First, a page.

Fighting Fear

July 24, 2008

In about 60 hours, 18 people from Concord are going to take a risk for the Gospel. We are going to board a plane, weighing hundreds of pounds, filled with flammable jet-fuel, and sit quasi-comfortably as we are rocketed hundreds of miles an hour toward a resource-rich country with hundreds of thousands of impoverished people called Peru. We are then going to get on a bus, trusting the competency of a person we don’t know, who will drive a massive charter bus up guardrail-less rocky roads resting on the rugged landscape of the Andes Mountain range, leading us up the side of countless mountains on our way to Huaraz. We are then going to strap backpacks on our backs and hike at elevations reaching 13,000 feet for the joy of bringing the sin-liberating, soul-satisfying Gospel to people who may have never heard about Jesus.

We are leaving behind comforts. We are leaving behind loved ones. We are leaving behind the mirage of safety and security. Yes, a mirage.  18 people are going to take a risk for the Gospel next week. Here is the thing about taking risks: they often inevitably produce anxiety in our hearts. We will be in a place where we are outsiders, where are confronted with real language and cultural barriers, and where we are at the mercy of others. The removal of such obstacles, living in a place where we are known, accepted and have values in common are just some of the things that cause us to feel safe and secure within the confines of our homes nestled here in the valley we call Chattanooga. But the reality is that even though we may feel safe and secure, there are millions of unforeseen variables that threaten both our safety and security at this very moment. As much as we like to think we are, we are not in control right now. Right now God is maintaining your health. He is the only thing keeping you from slipping into cardiac arrest at this very moment. Hopefully you aren’t driving and reading this, but as you travel this weekend, it is God who will keep your car on the road. The spiritual forces of evil in this world seek your destruction at this moment; God stays their hand.

The mirage of safety and security are our man-made antidotes to fear. We innoculate ourselves to the uncertainties of life by playing it safe. We live in the suburbs in our gated communities. We buy cars with 7 air bags. We have trust funds and savings accounts. We practice preventive medicine. We never dare to make seemingly “reckless” decisions such as taking our children to live on hostile foreign soil for the sake of Jesus. None of responsible aims toward security are inherently sinful. However, there is a fine line between belief in God’s sovereign care and being seized as captive to our fear by trying to control our circumstances. As a people who love comfort and security, we rarely venture out into the deep as high risk, high reward people.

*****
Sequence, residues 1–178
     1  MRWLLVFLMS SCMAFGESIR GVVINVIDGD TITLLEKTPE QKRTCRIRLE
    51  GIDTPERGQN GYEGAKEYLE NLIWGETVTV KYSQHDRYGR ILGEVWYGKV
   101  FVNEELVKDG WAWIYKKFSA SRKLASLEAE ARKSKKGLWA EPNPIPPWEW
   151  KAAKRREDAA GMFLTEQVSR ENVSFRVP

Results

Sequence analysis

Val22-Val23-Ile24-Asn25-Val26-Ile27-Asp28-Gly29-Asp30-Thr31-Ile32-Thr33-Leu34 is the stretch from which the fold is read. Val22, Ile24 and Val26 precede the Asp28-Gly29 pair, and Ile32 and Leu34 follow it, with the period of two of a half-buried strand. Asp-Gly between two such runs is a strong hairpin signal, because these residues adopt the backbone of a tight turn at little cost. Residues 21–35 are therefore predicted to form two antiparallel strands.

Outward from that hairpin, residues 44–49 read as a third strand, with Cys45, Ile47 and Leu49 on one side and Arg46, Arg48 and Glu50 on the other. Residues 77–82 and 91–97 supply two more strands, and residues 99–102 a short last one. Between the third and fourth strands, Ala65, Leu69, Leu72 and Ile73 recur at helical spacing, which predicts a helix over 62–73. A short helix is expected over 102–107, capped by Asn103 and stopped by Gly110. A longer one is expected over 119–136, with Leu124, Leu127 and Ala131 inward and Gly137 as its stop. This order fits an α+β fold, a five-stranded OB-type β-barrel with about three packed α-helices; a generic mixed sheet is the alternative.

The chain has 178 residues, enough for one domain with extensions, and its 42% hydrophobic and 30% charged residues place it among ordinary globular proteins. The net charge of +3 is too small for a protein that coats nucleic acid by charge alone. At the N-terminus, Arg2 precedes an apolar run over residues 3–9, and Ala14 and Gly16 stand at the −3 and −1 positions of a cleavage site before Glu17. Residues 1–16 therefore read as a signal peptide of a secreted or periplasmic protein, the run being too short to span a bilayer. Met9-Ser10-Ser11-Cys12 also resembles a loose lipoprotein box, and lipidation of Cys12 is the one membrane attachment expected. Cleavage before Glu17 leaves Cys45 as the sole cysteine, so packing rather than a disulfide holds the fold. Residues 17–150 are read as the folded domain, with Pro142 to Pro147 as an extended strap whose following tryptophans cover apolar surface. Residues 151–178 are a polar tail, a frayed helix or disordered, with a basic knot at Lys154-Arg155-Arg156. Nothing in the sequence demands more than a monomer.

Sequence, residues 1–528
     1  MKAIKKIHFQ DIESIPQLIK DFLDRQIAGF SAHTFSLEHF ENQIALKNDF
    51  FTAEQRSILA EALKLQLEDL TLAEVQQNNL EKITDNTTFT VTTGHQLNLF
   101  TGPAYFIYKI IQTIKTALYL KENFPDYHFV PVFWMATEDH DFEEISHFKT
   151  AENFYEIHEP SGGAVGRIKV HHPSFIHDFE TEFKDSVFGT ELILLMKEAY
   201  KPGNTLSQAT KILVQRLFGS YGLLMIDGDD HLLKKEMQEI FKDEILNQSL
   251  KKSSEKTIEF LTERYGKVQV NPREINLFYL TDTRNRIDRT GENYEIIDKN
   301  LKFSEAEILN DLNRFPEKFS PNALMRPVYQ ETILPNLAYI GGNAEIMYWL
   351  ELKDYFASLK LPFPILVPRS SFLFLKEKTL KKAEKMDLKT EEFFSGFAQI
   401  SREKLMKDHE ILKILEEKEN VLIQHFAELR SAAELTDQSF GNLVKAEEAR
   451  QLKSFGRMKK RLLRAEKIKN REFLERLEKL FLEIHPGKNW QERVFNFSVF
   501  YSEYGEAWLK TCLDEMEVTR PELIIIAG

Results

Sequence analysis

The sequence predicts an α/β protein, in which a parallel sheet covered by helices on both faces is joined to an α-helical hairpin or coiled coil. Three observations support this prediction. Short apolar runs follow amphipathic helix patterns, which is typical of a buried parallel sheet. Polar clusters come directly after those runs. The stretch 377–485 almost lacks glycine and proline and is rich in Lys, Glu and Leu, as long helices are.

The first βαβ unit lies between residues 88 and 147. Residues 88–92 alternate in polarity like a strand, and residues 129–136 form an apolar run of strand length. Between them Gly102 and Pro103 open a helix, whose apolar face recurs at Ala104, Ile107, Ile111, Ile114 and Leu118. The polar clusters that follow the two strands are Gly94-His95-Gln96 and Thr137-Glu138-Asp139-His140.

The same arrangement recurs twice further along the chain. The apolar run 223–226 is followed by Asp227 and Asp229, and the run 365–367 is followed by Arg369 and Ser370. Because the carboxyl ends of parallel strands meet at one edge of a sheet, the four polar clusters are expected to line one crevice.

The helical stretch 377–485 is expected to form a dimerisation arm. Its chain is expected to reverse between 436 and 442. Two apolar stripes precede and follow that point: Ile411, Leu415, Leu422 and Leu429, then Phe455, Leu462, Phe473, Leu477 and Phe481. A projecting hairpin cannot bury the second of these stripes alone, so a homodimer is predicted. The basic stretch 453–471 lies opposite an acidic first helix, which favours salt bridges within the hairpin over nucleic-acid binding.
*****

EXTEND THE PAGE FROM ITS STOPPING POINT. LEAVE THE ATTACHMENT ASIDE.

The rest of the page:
And to be honest, I’m right there with you. This is one of the first mission trips I’ve ever taken where I haven’t felt overwhelmed with fear. What was the fear? Fear of what I might lose. My family, my health, even my life. I’ve rarely been fearful of being rejected by whom I am bringing the Gospel to, but confront me with the reality that in this commission to take the Gospel to the nations I might lose something tangible or personal to me, and suddenly fear grips me. In that instant I’m confronted by all the variables that I can’t control, yet I desperately want to control.

So how do you fight this paralyzing fear, the kind of fear that causes us to settle for a safe, comfortable life in the suburbs (and you might ask, “Is that life wrong?” I’m not sure that it is – unless of course our love for that kind of life compromises our obedience to the Gospel)? How do we fight the kind of fear that would keep us from doing hard things for the sake of the Kingdom?

I found several helpful words of wisdom in John Flavel’s great book called Keeping the Heart about how to keep the heart from being tormented and distracted in the face of threat, danger or even anxiety. I’ve tried to translate/interpret them into more common language.

  1. Look upon every creature as one in the hand of God, who manages them all in every motion of life, limiting, restraining and determining each one according to God’s good pleasure.
  2. Remember that God, in whose hand are all creatures, is much more tender and loving toward us than we can be of ourselves.
  3. Don’t tremble at the voice (or threats) of men when obedience to God is at stake. Never away from any circumstance which God has commanded that you run towards.
  4. Remember how much trouble your former fears have brought into your life.
  5. Fear can lead to unbelief. Therefore, we must remember that there is more evil in our fears than there is in what we fear itself. Fear presents troubles as much greater than they are, and so tortues the soul more than the suffering itself.
  6. Consult the many precious promises in God’s Word meant to comfort us in every danger or hardship.
  7. Quiet your troubled heart by remembering the many past experiences of God’s faithfulness in your former distress.
  8. Repent of anything that leads to a guilty conscience. A guilty conscience is more terrified by imagined dangers than a pure conscience is by real ones.
  9. Consider the honor of Jesus of greater value than personal comfort or safety. If we trust in comforts and safety the same as those who do not believe in Jesus, have we not put before a blind world a severe stumbling block?
  10. Pour out to God in prayer any fear which the devil and our own unbelief pour upon us in our fear.

We covet your prayers this week, and as you pray, pray that we would fear no evil, for our God is with us.

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